Hair oil to motorcycle sales highlight more growth pain ahead for India1 min read . Updated: 16 Aug 2019, 11:23 PM IST
- Hero MotoCorp has shut a manufacturing facility for few days
- Emami witnessing slowdown in demand for hair care products
Indians are cutting back on spending from hair oils to motorcycles in a fresh sign that the slowdown in Asia’s third-largest economy is becoming more entrenched.
That is likely to add pressure on policymakers to ease both fiscal and monetary policy in the coming months at a time when Finance Minister Nirmala Sitharaman tours the country to meet various stakeholders and lobby groups. The Reserve Bank of India has lowered interest rates to a nine-year low, but that impact is yet to be felt due to tardy monetary policy transmission and subdued demand for loans.
On Friday, Hero MotoCorp Ltd., the country’s largest two-wheeler maker, said it had shut its manufacturing facility for three days until 18 August in response partly to “the market demand scenario" and inventory management. The same day, Sundaram-Clayton Ltd., an auto parts supplier, said it will shut its factory in Padi in the southern Indian state of Tamil Nadu for two days until 17 August, citing “business slowdown across sectors."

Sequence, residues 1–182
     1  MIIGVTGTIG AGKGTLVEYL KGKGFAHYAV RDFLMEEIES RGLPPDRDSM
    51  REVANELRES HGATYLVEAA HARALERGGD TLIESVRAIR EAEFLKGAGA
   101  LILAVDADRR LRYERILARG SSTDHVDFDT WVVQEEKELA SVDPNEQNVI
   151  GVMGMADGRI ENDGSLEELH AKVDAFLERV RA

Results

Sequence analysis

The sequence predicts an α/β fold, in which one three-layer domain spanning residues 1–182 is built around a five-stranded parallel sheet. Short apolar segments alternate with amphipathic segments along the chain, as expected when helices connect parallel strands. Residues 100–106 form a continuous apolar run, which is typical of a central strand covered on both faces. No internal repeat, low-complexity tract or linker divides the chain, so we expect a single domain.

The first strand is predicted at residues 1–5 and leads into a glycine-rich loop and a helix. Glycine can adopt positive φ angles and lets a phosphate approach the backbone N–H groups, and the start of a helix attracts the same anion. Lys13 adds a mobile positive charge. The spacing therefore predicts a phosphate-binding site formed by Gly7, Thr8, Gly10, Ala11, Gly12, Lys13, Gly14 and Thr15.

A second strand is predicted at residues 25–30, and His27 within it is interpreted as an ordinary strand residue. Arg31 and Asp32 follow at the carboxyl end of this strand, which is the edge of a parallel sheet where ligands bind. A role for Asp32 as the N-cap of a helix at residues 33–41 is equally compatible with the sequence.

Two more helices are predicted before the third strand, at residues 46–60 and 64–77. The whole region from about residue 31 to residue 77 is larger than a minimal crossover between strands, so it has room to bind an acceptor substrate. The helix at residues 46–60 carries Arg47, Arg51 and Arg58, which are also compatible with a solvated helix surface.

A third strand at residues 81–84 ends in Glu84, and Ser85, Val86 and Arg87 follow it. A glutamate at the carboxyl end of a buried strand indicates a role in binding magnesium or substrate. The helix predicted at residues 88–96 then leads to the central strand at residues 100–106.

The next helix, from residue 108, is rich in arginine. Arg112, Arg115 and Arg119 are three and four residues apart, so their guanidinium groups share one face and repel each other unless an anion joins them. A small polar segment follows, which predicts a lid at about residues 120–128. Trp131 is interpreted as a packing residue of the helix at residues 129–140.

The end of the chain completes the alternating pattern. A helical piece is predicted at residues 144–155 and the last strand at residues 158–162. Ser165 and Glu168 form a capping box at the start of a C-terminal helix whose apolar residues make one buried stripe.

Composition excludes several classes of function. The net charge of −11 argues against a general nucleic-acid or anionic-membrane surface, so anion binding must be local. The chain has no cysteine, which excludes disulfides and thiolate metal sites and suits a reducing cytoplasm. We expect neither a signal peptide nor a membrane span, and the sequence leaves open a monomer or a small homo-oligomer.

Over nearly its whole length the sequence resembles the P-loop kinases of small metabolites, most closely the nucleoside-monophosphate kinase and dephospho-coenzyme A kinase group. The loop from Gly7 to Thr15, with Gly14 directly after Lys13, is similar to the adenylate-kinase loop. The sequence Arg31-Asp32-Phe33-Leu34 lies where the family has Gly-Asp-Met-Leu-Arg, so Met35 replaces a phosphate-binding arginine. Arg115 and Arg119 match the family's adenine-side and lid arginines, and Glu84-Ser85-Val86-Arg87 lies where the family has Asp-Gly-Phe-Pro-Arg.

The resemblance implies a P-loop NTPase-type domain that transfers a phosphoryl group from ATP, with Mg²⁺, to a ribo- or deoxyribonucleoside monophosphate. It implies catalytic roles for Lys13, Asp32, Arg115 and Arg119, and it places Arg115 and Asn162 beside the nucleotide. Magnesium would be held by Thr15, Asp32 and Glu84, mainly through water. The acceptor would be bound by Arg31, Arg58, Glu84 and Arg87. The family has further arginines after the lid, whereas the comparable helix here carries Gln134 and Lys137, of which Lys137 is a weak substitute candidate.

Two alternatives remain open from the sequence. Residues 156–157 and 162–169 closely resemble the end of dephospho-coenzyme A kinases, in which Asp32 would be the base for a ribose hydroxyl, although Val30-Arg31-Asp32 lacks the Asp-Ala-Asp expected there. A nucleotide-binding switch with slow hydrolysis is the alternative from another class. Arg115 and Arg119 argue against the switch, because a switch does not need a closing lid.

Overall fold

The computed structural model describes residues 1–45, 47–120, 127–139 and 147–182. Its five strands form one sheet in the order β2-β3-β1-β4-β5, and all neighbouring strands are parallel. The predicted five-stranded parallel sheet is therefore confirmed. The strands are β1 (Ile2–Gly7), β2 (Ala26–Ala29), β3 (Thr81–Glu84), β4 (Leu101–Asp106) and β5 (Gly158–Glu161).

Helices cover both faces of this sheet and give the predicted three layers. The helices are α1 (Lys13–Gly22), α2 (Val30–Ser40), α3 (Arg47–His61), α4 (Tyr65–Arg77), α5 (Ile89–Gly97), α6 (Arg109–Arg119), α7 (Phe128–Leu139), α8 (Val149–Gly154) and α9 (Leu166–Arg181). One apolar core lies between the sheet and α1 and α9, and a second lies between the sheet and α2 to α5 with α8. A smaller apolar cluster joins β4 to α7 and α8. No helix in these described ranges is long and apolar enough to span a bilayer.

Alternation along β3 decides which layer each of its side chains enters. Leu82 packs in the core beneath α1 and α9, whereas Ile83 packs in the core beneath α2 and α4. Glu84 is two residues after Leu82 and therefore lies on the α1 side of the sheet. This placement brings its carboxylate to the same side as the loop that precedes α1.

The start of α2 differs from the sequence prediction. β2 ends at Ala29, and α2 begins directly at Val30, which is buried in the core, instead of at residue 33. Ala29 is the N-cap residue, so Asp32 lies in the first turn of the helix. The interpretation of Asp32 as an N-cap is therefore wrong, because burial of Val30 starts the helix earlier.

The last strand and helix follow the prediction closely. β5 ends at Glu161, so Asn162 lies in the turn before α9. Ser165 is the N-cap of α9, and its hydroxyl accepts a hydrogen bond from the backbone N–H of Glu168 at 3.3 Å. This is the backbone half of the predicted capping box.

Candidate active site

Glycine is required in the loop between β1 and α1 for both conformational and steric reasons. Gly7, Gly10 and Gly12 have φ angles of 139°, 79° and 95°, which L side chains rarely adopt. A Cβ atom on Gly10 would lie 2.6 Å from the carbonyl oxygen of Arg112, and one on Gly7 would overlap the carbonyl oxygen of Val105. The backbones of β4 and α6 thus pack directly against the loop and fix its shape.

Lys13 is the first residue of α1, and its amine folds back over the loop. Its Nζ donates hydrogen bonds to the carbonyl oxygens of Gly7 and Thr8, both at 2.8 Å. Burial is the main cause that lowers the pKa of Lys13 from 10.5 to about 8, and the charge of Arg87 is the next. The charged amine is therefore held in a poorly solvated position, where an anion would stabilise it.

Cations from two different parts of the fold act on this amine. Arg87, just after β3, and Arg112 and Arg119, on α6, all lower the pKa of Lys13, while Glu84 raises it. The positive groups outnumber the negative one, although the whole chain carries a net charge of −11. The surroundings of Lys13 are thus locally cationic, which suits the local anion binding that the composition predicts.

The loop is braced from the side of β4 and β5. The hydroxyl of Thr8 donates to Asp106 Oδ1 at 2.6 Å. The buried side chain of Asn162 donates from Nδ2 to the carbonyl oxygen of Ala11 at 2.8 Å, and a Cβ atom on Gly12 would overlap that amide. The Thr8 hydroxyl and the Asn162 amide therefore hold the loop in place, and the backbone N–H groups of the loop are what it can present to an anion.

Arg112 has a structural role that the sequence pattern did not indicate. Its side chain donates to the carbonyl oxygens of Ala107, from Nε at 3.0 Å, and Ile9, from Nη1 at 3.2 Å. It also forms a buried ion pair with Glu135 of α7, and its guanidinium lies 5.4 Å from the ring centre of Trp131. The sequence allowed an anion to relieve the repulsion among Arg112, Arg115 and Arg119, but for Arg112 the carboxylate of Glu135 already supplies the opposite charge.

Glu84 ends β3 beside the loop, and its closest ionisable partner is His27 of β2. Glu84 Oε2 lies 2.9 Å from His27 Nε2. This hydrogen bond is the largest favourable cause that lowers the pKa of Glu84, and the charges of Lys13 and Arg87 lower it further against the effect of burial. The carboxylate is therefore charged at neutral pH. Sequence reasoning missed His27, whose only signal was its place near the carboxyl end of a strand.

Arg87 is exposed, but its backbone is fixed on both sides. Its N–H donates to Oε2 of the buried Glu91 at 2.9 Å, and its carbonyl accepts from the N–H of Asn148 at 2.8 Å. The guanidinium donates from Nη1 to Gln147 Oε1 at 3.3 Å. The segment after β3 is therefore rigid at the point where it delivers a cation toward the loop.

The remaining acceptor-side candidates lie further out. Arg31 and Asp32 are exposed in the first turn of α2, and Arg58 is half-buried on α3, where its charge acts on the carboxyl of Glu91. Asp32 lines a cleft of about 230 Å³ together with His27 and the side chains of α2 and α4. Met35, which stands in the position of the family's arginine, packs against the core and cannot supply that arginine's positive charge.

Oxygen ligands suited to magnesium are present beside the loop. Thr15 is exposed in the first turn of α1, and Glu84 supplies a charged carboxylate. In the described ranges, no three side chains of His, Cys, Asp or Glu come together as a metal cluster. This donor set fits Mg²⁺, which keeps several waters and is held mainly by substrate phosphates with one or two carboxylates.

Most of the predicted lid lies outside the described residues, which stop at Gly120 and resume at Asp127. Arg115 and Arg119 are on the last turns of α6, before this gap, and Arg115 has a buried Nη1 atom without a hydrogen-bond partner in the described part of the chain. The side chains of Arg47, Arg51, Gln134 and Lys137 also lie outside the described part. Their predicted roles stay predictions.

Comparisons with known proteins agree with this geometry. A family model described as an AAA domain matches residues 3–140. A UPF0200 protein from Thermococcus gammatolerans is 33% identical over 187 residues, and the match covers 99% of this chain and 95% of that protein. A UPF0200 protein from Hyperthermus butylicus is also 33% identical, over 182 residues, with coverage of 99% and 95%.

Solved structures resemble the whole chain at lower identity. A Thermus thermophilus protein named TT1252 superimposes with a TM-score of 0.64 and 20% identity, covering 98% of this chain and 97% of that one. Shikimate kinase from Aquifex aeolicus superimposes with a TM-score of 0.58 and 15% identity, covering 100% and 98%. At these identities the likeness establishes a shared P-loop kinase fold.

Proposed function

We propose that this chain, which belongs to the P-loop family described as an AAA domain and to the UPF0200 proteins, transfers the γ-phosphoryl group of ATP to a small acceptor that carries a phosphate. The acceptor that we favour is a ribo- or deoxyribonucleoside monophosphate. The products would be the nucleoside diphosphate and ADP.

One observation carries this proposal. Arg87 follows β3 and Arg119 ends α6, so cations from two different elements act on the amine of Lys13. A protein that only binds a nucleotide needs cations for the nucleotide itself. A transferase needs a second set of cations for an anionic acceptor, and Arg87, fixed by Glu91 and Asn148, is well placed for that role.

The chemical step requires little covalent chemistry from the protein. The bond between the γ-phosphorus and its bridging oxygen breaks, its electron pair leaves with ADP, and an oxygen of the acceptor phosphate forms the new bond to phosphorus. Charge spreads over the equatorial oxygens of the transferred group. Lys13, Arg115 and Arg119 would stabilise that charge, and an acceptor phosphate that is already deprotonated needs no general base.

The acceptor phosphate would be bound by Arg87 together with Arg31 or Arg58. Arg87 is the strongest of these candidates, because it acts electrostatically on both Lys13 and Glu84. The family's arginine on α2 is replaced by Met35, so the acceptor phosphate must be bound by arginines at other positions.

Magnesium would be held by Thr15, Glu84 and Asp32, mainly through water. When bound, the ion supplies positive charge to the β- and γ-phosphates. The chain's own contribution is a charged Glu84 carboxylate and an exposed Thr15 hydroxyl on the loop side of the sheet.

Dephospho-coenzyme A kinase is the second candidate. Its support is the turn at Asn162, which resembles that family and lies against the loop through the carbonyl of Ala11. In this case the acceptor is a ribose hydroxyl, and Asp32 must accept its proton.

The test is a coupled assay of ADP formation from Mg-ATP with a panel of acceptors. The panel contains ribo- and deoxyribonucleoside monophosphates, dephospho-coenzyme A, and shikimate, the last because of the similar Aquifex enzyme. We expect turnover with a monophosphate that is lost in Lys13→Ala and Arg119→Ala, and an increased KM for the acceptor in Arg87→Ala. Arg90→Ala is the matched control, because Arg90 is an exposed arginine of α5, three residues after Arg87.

Mirroring the sentiment about weak consumption, Emami Ltd., a cosmetics to healthcare conglomerate, said that the company was witnessing lower demand for its hair care products.
“We are doing some cost optimization," Priti A. Sureka, a director at Emami said in an interview in Kolkata.
Earlier this month, the company reported earnings that missed estimates as revenues took a hit, highlighting similar struggles among consumer good makers including Hindustan Unilever Ltd. and Britannia Industries Ltd. This does not bode well for India’s overall growth rate, which has been hit by slowing public spending and a cutback in private consumption.
Official gross domestic numbers for the June quarter are due Aug. 30 and analysts forecast the economy to have expanded 6.1% from a year ago, which is higher than the five-year low of 5.8% seen in the January to March quarter, but well below the 7-8% pace seen in the past few years.
A shadow-banking crisis for the past one year has weighed on private consumption which contributes nearly 60% to the GDP. The latest consumer sentiment survey from the central bank highlighted worries about job losses with a subdued economy keeping many from spending.
This story has been published from a wire agency feed without modifications to the text. Only the headline has been changed.